Address to the Concerned Catholics of Canberra and Goulburn Part 1: Introduction

12 November 2018
Bishop Vincent Long OFM Conv. Image: Diocese of Parramatta.

 

Most Reverend Vincent Long Van Nguyen OFM Conv DD STL, Bishop of Parramatta

Address to the Concerned Catholics of Canberra and Goulburn Forum

11 September 2018

 

 

“The Role of the Faithful in a post-Royal Commission Church in Australia”

 

 

PART 1: INTRODUCTION

Dear friends,

I would like to pay my respect and acknowledge the traditional custodians of the land on which this meeting takes place, and also pay respect to Elders both past and present.

Thank you for the invitation to speak at this forum and to have the opportunity to listen to the voices of the Concerned Catholics of Canberra and Goulburn in the spirit of genuine synodality.

The events in these last few weeks, including the sensational accusations against Pope Francis himself by the former nuncio to the U.S. has caused great turmoil in the Church. The sexual abuse crisis is inundating the whole Church like a tsunami and it has the potential to cause long-term damage, chaos and even schism. (Mind you, there is already a silent schism in that the majority of Australian Catholics have simply walked away from the practice of the faith.)

It is the biggest crisis since the Reformation and it exposes the ideological conflict that runs deeply through the length and breadth of the universal Church.

The anti-Pope Francis forces who have accelerated their frontal attacks against him in a coordinated and virulent manner. The gloves are clearly off and they have seized this moment of turmoil as an opportunity to undermine his papacy and derail his reform agenda. How time has changed in the Catholic Church!

Only until recently, criticisms against a sitting pope were deemed absolute anathema.

Now the shoe is on the other foot and papal sniping is becoming quite a sport among some Catholic circles. (We are after all in the capital of sniping of a different kind!) They might even agree with Paul Collins’ view on papal power but for different reasons I would suspect.

What is interesting, too, is the number of bishops who have chosen to sympathise with these forces and therefore shown their not so subtle disapproval of the way the Pope is leading the Church. Clearly, Captain Francis will have to weather both the storm and the mutiny onboard. I just hope and pray that he stays the course because nothing less than a deep and comprehensive reform will restore confidence and trust in the Church.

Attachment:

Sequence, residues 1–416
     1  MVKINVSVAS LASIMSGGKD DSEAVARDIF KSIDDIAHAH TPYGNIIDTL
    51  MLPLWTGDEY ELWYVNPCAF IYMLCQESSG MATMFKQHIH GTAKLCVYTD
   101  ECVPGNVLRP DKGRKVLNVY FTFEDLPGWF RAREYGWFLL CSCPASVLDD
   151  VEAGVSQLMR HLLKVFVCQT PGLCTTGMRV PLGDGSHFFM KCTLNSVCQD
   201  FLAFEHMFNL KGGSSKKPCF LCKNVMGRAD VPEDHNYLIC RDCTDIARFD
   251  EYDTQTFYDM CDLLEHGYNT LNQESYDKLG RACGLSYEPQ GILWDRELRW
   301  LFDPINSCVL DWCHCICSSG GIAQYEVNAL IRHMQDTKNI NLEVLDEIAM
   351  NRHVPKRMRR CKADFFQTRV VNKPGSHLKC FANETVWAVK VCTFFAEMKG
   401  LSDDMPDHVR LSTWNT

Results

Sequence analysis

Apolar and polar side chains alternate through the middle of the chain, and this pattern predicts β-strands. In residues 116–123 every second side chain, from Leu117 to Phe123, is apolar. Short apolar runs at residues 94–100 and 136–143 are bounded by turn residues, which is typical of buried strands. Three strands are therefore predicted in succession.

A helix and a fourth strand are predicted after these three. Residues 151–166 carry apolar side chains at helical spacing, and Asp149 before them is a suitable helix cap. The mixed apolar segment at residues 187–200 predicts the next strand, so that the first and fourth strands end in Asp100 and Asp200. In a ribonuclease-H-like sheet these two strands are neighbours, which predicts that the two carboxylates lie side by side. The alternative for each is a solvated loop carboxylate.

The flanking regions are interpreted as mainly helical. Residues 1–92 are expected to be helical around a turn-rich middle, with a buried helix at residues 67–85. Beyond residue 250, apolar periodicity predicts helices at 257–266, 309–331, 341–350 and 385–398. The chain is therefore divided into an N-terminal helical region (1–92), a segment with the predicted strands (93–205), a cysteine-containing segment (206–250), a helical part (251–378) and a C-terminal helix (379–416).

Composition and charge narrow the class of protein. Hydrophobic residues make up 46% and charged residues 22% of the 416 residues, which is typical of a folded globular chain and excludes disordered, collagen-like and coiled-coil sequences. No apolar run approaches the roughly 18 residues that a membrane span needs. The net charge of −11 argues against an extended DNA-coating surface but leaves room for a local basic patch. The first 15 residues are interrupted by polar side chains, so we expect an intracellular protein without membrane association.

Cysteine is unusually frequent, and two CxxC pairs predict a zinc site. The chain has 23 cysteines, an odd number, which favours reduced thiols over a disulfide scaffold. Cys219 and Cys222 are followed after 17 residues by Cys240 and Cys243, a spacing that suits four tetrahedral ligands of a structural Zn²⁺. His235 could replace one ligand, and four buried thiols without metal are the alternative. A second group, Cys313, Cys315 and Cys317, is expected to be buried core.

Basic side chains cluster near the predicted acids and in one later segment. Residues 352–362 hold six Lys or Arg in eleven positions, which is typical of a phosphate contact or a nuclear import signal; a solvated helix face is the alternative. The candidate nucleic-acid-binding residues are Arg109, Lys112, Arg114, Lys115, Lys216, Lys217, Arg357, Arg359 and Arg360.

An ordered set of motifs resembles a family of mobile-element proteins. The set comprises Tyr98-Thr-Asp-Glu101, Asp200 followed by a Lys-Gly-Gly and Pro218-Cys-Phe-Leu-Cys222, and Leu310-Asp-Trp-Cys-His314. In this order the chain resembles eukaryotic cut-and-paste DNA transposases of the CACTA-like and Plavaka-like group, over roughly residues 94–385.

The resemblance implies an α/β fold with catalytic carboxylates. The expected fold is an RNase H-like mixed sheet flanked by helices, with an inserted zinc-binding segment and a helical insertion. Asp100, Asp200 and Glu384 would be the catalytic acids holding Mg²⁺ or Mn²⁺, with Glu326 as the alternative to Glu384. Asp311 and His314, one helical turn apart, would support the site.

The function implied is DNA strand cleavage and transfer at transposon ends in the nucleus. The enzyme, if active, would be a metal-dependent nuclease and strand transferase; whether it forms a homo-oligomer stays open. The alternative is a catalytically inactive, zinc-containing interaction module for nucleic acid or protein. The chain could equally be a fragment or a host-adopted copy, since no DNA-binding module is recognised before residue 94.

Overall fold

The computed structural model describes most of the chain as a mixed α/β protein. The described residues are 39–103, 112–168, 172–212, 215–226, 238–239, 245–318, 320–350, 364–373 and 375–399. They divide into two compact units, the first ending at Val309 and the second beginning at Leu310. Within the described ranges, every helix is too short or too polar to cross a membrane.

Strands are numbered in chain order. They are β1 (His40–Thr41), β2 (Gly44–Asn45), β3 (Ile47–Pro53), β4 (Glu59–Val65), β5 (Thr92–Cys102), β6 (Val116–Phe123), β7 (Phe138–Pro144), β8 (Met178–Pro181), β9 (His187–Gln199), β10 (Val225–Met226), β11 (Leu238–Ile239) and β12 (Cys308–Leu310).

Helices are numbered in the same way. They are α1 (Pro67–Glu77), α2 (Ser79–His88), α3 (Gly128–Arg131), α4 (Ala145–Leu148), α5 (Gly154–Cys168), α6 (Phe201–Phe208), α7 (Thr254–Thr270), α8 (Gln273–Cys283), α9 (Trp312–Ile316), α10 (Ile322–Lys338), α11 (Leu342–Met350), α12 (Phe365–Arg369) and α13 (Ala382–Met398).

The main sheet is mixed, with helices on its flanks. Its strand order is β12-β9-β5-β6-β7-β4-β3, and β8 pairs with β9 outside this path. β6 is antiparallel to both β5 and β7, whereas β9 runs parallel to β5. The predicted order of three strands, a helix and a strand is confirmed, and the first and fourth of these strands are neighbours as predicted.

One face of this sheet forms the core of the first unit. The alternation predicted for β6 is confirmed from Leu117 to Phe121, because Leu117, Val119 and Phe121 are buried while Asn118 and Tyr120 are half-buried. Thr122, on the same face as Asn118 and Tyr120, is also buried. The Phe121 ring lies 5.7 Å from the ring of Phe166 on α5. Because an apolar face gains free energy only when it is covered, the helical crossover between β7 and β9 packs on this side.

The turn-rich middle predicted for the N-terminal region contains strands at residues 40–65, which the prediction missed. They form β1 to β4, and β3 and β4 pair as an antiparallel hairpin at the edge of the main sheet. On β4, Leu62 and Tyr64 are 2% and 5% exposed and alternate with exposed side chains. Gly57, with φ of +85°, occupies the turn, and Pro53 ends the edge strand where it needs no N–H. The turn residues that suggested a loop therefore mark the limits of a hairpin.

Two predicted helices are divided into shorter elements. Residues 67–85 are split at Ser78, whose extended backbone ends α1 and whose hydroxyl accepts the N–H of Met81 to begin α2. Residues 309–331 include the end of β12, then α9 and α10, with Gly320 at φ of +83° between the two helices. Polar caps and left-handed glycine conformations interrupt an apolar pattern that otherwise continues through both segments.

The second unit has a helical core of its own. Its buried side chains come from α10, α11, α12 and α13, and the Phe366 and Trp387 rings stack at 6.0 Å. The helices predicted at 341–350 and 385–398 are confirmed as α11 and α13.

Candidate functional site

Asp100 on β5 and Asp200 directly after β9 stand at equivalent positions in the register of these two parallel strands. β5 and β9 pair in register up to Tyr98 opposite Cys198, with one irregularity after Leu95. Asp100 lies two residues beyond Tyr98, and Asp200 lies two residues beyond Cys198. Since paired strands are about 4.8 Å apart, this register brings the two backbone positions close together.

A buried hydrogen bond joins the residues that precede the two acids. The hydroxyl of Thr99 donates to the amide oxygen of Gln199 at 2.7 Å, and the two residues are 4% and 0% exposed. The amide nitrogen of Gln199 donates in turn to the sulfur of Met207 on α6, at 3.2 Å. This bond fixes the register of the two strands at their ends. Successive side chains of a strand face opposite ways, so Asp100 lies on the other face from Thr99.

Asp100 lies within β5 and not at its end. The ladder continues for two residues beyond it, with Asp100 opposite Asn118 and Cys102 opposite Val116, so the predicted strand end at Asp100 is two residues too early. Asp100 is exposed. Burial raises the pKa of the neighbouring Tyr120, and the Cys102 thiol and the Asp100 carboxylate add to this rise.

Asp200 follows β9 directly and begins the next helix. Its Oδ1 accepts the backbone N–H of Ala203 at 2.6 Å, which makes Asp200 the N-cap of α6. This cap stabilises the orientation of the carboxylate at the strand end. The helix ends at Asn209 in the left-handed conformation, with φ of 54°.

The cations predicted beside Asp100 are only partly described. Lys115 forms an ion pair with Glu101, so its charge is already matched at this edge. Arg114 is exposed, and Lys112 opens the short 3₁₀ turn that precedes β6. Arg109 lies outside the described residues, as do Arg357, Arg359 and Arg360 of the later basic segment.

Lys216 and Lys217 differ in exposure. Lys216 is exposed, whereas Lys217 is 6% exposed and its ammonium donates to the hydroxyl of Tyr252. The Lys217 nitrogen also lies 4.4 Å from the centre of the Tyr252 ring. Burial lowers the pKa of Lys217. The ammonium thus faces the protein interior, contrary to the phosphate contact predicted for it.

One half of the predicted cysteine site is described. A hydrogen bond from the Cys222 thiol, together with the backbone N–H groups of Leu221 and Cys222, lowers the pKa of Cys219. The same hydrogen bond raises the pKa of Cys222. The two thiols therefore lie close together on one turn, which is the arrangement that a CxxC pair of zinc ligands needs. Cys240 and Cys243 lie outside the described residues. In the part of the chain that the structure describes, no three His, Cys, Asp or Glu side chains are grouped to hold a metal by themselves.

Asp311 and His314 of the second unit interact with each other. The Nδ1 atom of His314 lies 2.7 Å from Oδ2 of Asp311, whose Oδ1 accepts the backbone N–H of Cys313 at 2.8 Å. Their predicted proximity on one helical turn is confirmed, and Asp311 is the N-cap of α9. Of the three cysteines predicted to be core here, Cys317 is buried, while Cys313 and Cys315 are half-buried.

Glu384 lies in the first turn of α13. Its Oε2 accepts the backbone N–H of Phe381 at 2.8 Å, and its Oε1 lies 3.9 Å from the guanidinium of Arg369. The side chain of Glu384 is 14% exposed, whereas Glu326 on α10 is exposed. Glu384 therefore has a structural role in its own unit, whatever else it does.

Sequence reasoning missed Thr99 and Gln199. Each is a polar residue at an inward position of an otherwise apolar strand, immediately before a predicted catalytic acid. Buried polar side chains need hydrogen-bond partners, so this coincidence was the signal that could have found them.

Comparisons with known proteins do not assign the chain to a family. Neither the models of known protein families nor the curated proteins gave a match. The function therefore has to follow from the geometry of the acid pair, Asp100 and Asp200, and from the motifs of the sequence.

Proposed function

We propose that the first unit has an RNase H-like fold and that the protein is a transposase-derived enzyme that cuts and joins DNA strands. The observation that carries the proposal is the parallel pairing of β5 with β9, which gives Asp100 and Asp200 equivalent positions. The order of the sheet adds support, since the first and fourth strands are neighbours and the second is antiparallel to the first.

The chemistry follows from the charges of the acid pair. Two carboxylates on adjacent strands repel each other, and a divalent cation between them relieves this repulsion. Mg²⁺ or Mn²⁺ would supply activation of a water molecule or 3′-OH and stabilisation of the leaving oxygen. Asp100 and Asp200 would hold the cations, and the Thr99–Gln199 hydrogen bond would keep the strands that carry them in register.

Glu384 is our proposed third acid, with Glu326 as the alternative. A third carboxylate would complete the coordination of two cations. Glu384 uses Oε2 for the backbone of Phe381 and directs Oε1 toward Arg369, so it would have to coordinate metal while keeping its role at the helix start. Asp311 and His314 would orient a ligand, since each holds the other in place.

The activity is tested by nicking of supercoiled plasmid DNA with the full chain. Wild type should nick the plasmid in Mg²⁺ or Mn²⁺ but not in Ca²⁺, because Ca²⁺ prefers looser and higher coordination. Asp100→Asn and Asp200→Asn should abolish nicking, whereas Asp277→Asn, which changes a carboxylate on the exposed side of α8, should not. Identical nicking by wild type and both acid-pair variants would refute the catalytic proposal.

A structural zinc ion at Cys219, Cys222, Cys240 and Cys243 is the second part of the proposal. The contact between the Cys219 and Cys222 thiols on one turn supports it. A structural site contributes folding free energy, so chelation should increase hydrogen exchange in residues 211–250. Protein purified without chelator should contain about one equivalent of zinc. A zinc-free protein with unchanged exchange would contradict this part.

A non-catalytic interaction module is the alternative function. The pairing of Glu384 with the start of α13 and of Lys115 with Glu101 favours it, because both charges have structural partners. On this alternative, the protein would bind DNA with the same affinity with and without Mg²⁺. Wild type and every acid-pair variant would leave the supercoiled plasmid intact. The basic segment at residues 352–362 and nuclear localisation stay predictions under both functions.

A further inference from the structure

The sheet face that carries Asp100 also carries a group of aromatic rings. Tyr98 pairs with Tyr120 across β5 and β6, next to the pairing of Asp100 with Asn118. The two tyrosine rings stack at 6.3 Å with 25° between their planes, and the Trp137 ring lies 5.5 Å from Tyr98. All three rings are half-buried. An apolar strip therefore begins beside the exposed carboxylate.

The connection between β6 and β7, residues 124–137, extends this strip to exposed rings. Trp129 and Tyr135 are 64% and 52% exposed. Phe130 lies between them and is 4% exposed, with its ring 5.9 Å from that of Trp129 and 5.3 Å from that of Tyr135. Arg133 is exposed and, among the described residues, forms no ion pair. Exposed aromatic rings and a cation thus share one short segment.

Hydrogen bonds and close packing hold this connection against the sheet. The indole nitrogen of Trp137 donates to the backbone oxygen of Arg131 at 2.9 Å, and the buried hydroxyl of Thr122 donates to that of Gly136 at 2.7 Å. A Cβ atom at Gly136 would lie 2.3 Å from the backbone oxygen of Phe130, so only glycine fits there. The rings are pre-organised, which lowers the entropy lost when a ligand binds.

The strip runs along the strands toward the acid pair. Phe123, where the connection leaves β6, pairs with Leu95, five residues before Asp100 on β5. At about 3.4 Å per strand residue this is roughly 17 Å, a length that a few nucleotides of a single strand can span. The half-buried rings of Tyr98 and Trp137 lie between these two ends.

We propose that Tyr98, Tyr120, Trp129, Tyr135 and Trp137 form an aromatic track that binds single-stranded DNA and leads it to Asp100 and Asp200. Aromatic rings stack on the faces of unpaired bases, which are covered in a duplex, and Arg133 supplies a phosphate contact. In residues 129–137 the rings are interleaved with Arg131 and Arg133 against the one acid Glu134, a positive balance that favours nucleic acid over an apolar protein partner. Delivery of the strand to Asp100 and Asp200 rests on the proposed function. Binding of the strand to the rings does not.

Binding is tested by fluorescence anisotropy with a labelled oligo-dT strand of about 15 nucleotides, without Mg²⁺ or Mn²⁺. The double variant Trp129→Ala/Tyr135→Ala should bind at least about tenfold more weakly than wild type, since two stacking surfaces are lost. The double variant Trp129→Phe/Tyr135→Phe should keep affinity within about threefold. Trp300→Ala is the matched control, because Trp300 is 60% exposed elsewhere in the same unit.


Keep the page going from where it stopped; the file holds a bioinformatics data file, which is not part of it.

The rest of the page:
I must hasten to add that in as much as I am pleased with the wind of change blowing from Santa Marta, I do not believe that it will sufficiently carry the deep and comprehensive reform the Church of 21st century needs. Let us be under no illusions about the change we seek which is not only in attitude of the office holders but the very structure and culture of the Church.

After all, Pope Francis might just be a banana slip away from his reform agenda and we might all end up sliding backwards.

Many of you have lived through the roller coaster, the highs and lows of the Church after the Second Vatican Council. You know the disappointment of shattered hopes and unfulfilled dreams. We cannot but take ownership of our baptismal responsibility in holding our Church leaders to account.

Furthermore, significant change rarely comes through appealing to the ruling class, even the progressive elements thereof. Rather, it comes quite often through the grassroots and movements from below. It is time, then, that ordinary Catholics take their rightful place and effect the change needed for the Church to live up to what She is meant to be.

Part 2 will be published tomorrow.

 

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